A Time Called…ADVENT
When children say, “I can’t wait for Christmas,” they convey what it means to live in Advent. With joy they are waiting for an event that is good, that has been promised, and is now hidden from sight. Children do manage to wait. One way they do this is by sharing in the many preparations for Christmas. Waiting and preparing are the themes of Advent for adults as well. But when did Advent begin? And what can it mean in your life?
Historical Roots of Advent
The calendar year may begin on January 1, but for Christians the Christian year begins with Advent – four weeks before Christmas. Advent is the beginning of a cycle of time that celebrates the birth, life, death, and resurrection of Christ. The church has observed an Advent season for over 15 centuries. It may originally have been a time of instruction for people who were preparing to be baptized on January 6, on Epiphany. History reveals Advent traditions of varying lengths, but our waiting time is now the four Sundays before Christmas.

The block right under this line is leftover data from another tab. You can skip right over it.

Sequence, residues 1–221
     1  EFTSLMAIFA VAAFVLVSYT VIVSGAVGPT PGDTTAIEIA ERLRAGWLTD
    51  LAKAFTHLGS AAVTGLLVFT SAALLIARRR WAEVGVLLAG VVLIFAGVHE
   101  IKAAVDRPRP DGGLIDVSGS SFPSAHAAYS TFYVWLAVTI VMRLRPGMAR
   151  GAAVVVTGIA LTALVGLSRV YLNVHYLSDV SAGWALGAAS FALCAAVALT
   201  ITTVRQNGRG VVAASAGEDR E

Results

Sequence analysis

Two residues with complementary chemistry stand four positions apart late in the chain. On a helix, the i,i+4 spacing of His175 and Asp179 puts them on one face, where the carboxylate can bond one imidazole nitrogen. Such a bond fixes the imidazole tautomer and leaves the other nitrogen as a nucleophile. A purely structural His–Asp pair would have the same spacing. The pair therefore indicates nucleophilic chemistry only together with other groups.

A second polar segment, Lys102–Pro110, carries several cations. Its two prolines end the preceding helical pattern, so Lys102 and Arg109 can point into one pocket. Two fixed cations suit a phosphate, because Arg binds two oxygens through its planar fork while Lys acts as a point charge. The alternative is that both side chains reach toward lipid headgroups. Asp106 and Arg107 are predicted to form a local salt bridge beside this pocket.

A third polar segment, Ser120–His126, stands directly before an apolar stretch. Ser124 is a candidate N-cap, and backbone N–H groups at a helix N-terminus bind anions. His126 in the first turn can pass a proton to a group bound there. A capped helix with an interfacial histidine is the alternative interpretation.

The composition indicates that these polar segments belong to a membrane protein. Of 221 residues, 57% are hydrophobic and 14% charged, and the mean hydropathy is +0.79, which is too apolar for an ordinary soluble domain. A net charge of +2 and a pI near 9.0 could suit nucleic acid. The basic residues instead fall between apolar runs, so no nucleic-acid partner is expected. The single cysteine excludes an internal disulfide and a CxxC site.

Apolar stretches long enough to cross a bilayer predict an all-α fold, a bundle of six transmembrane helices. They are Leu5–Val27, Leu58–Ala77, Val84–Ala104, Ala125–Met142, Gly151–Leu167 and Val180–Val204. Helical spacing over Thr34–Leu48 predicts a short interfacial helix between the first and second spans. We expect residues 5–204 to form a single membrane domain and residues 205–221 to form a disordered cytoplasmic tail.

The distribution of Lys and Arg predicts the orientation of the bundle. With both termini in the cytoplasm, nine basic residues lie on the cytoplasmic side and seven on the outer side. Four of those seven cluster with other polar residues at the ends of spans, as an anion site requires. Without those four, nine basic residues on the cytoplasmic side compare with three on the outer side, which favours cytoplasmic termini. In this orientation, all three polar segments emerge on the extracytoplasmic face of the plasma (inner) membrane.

Finding Meaning in the Tradition
Advent is the time when Christians prepare to celebrate the birth of Jesus. We recall those who waited and prepared for a promised Christ child: the prophet Isaiah, Mary, his mother, and John the Baptist. We also think about God’s promises that are yet to be revealed under the reign of Christ, in “the age to come” or “the day of the Lord.” Advent is oriented in both the past and the future. As we get ready for the birth of Jesus and for the promise that Christ will come again, we use gifts of spiritual preparation: worship, prayer, singing, Bible study, fellowship (Christmas parties!), and service to others.
Questions for Personal Meditation
- What am I waiting for?
- Who am I waiting for?
- How am I preparing?
- What gives me joy in this season? What might I discover from that?
(Source: The Presbyterian Church in Canada 2007 – used with permission)